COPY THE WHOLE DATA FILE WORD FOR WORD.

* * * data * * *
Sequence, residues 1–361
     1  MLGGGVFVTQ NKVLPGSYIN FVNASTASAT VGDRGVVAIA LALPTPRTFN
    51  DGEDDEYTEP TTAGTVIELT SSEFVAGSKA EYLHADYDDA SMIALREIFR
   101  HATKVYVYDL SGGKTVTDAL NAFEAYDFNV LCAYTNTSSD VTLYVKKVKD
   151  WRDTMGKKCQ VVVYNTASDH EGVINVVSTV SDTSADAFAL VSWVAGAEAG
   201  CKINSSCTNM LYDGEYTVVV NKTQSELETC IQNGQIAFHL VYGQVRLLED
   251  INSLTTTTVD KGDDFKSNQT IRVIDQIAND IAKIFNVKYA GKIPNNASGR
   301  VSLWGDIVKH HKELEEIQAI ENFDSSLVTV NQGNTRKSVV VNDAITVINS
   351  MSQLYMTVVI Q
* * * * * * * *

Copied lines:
Sequence, residues 1–361
     1  MLGGGVFVTQ NKVLPGSYIN FVNASTASAT VGDRGVVAIA LALPTPRTFN
    51  DGEDDEYTEP TTAGTVIELT SSEFVAGSKA EYLHADYDDA SMIALREIFR
   101  HATKVYVYDL SGGKTVTDAL NAFEAYDFNV LCAYTNTSSD VTLYVKKVKD
   151  WRDTMGKKCQ VVVYNTASDH EGVINVVSTV SDTSADAFAL VSWVAGAEAG
   201  CKINSSCTNM LYDGEYTVVV NKTQSELETC IQNGQIAFHL VYGQVRLLED
   251  INSLTTTTVD KGDDFKSNQT IRVIDQIAND IAKIFNVKYA GKIPNNASGR
   301  VSLWGDIVKH HKELEEIQAI ENFDSSLVTV NQGNTRKSVV VNDAITVINS
   351  MSQLYMTVVI Q